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The Ranger, an easily built high wing LSA runabout

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erkki67

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Fritz, the container is still the size where the Ranger should fit.

And the wing shall remain strutt braced, so no cantilever type.

The wing section parts would be shorter and easier to work on, even in a small workshop, like the size of the shown container.

And beside of giving more space to work on the single parts, it gives me a bit of play to store the Ranger not too tight in the container.

A third benefit is there too, It leaves me an option to play with an alternative fuel one day.

The idea to have a look at the SE33, I like that idea, I’ll see what Ill find out regarding that engine.
 

erkki67

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Regarding the engine SE33, no possibility to install a PSRU, only direct drive o_O

The Helvenco 250 engine is an interesting engine, but as the engine comes from the Karting sector, it was built accordingly.

The things I’d like to see differently, is the carburator position or orientation, 90 deg downward, and the water cooler also elsewhere.

Even better would be if the engine would be standing upright, with a narrower noseprint.
 

Hot Wings

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T If it pivoted at the front spar (which is where I plan to do it) it wouldn't add anything to the length. << >>
IMHO It sounds like an expensive, complicated, PITA solution to a problem that doesn't exist. ;)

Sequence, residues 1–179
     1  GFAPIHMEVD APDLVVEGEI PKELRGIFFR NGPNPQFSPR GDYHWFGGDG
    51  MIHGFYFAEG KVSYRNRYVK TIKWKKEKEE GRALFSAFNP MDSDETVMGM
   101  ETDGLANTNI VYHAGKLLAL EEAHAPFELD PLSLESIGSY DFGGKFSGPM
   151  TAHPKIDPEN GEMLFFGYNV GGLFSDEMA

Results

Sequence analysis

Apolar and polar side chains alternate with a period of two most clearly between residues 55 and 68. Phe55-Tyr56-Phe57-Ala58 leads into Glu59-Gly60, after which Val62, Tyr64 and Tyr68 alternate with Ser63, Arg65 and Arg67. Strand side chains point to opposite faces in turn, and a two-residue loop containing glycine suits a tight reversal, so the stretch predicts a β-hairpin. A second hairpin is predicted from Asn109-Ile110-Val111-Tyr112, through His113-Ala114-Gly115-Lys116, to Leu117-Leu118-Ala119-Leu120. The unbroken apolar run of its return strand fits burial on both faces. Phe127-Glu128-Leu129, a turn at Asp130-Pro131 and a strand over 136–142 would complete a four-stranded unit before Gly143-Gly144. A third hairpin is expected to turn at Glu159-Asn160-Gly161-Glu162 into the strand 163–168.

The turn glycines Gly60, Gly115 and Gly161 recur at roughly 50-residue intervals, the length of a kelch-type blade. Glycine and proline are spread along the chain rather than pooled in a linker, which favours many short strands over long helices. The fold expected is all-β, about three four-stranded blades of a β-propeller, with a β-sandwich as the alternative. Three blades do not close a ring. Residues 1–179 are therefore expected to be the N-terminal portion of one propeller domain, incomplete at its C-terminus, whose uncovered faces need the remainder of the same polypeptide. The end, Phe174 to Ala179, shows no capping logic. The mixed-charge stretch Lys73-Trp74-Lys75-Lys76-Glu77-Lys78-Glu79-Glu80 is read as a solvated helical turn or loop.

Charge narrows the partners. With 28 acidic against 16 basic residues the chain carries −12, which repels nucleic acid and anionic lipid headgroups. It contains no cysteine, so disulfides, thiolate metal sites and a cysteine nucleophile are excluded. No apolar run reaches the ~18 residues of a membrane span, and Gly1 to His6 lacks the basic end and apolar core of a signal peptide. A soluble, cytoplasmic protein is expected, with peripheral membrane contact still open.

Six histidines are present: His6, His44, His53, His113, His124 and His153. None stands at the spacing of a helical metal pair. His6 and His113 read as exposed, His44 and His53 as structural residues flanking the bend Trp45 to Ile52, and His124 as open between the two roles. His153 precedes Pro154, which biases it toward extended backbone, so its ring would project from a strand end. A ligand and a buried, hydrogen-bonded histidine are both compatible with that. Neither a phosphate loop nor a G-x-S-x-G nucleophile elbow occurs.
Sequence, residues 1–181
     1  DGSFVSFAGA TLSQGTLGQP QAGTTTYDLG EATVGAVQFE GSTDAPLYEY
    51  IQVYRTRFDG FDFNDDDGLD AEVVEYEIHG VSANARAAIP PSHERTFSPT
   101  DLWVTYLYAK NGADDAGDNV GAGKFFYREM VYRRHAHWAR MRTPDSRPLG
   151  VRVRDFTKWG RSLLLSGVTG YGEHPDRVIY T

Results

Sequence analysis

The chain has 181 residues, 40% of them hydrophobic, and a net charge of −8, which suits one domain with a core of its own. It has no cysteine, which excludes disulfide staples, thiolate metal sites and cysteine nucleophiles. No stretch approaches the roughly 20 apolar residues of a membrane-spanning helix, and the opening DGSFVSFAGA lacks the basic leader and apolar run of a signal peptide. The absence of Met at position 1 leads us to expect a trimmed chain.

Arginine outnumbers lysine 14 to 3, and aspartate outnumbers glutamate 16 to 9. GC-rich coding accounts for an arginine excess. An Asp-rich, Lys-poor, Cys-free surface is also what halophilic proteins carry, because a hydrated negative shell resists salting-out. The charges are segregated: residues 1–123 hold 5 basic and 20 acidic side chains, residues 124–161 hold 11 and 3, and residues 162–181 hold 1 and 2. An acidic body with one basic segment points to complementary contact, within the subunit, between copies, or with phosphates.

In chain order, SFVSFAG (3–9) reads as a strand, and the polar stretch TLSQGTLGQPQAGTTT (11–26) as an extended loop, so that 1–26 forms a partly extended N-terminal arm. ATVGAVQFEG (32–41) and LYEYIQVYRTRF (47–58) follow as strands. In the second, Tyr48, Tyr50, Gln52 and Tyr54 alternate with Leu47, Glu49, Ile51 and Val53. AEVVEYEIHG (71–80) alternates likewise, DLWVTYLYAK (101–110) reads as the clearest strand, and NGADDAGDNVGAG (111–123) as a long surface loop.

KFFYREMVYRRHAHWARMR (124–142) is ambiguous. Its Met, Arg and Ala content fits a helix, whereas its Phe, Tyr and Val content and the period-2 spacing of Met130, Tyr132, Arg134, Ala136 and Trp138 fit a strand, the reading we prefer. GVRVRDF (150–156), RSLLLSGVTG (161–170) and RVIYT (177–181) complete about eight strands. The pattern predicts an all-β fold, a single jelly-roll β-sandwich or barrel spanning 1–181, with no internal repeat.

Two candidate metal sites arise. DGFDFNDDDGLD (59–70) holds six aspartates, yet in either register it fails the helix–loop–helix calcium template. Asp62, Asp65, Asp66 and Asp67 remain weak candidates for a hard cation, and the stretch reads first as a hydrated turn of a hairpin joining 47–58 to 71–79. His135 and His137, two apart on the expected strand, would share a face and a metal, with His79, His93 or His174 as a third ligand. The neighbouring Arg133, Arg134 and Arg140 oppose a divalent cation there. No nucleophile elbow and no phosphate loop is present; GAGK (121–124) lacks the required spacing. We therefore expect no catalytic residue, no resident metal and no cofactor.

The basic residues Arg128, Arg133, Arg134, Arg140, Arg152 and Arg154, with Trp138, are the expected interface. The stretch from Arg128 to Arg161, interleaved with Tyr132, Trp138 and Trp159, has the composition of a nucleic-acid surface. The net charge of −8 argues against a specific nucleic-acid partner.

Haven't been following your thread in detail and missed this small fact. Makes your last IMHO statement much less of an O. :cool:
 

Will Aldridge

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The biggest disadvantage is it would require a complete redesign of wing. You'd have all the weight, hassle and expense of a cantilever wing but you'd still need all the weight, hassle and expense of wing struts.



Is it too long? (If it ain't broke, why fix it?) Even pivoting at the rear spar (which is what Erkki asked about) it fits in a 20' shipping container. How much shorter does it need to be? If it pivoted at the front spar (which is where I plan to do it) it wouldn't add anything to the length. ...and it wouldn't add as much weight to the tailwheel when folded.

IMHO It sounds like an expensive, complicated, PITA solution to a problem that doesn't exist. ;)
If I'm understanding HW correctly he's asking for a kitfox style folding wing:20180831_163509.jpg

Still strut braced and definitely not cantilevered and quite light. Advantages are structurally it only requires one pin inserted in the front spar to be ready to fly, as opposed to the current design that requires the wing to be supported while the struts are installed. The kitfox also needs the turtle deck installed but i doubt that would be an issue with your design. Main drawback i see in your plan to store in a shipping container is that it's a lot wider and more subject to hangar rash going into and out of the container. The kitfox with wings folded is 7.5' wide.
 

Victor Bravo

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I would also like to suggest that while it is still being designed, and if it is possible without too much re-design or re-drawing, that the original version "bed mount" fuselage nose section (the flat spot the original Briggs engine would sit on top of), should be made large enough for a standard Rotax 503 bolt mounting pattern mounting plate. There are two fairly important reasons for this:

1) There are literally tens of thousands of 503 engines out there, which are well-understood and well-loved by the UL and LSA community. The 503 is also regarded as a very reliable and easily maintained engine, as far as 2-strokes go. There are lots of people out there who have these engines mounted on a flying lawnchair style ultralight, with a reduction drive and a propeller already in hand. They might be interested in building a Ranger partly because it could use an engine they already own. And 503's are available at low cost on the used market.